I have spent the majority of the last year living in London and working in climate finance while simultaneously reflecting on my lived experience through the lens of anthropology.
Now I plan to write about the last year (really the last three since I have been doing research in the green bond market) through the rest of the current year and halfway into 2019 (isn’t it great that academia gives you such long stretches of time to think about!).
Time, I was talking with a fellow anthropologist/finance hacker two days ago here in London about how to perceive/categorize elite forms of work and a lot of our conversation focused on the timescales involved to distinguish different classes. If you are a bartender your work is immediate, you pour drinks and give them to clients who give you cash, or tap their credit cards on wireless machines (at least in Europe, the US doesn’t have the EU to push forward payments technology legislation).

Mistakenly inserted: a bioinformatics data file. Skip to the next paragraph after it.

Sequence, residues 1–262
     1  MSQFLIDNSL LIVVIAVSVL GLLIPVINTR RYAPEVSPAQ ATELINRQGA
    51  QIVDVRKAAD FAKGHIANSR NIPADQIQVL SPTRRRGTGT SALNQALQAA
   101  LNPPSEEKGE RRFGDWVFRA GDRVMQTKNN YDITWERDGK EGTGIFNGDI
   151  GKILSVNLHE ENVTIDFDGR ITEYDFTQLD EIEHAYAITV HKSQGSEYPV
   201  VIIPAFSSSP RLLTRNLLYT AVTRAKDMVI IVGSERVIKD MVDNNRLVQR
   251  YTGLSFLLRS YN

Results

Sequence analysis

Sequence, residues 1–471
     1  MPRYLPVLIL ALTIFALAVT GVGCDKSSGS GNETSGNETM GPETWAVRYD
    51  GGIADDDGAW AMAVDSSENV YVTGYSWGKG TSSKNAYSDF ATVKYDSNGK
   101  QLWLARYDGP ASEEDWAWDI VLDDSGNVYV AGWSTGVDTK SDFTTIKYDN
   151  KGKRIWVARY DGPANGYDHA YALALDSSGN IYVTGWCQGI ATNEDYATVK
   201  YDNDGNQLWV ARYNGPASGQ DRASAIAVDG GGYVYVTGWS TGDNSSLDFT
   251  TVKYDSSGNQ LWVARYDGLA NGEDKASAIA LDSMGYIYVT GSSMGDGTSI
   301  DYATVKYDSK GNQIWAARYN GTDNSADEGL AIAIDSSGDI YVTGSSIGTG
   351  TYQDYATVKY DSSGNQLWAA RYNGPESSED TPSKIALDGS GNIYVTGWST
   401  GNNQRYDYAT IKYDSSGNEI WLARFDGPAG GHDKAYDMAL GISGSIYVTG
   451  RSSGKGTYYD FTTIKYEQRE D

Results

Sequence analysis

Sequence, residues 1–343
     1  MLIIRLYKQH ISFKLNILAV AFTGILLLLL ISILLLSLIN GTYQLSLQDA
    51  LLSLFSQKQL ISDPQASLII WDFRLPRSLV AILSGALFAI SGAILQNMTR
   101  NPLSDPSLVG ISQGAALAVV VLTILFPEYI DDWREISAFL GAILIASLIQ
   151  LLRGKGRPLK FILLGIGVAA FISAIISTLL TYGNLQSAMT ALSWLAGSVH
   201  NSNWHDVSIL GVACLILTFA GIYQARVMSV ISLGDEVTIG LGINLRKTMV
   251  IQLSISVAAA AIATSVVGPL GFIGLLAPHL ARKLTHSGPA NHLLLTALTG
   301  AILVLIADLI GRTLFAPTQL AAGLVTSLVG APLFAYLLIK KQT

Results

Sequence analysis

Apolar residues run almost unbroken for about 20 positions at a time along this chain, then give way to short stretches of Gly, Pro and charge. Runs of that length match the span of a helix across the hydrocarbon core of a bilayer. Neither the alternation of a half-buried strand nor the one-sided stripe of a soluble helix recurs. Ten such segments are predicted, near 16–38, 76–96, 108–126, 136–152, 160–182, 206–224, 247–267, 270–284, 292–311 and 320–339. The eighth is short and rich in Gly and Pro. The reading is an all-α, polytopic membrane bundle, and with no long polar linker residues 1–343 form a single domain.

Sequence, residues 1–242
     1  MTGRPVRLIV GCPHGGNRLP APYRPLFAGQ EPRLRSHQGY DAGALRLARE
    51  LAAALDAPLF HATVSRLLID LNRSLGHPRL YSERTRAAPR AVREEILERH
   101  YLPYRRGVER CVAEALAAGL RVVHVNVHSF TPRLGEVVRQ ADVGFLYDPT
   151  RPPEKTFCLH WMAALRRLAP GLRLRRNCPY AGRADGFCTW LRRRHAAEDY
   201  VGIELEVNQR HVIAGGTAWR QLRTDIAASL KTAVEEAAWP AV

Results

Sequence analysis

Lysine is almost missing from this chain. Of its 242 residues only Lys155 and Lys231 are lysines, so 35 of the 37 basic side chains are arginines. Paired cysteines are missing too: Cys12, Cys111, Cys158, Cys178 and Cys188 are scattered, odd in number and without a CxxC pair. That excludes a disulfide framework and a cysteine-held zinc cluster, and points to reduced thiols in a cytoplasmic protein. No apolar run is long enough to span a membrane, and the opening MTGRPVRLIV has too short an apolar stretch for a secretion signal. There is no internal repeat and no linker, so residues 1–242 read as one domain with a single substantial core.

Elite labor, as accountants, investment bankers, architects, have jobs where their impact is not direct, they are on the side of great financial flows, developments, systems, of which they analyze and interact with on wider timescales than providing beer direct to a bar’s clientele.
Of course there is a lot of gray area here, beer makers are engaged in longer term production processes, stock traders are focused on immediate returns much of the time. Mark Carney of the Bank of England focuses on tragedies of horizon within finance as a system.
“It is all about adaptability as well” I write this blog post in the creative coffee space of Husk in Limehouse, London. These are the types of statements that move in the air around me as sound waves.
These are some thoughts that I am willing to put online attached to my name and livelihood. To share with the togetherness collective of the broader public and internet connections that attach to the institutions and organizations, robots that populate the cloud.
Cheers | Ciao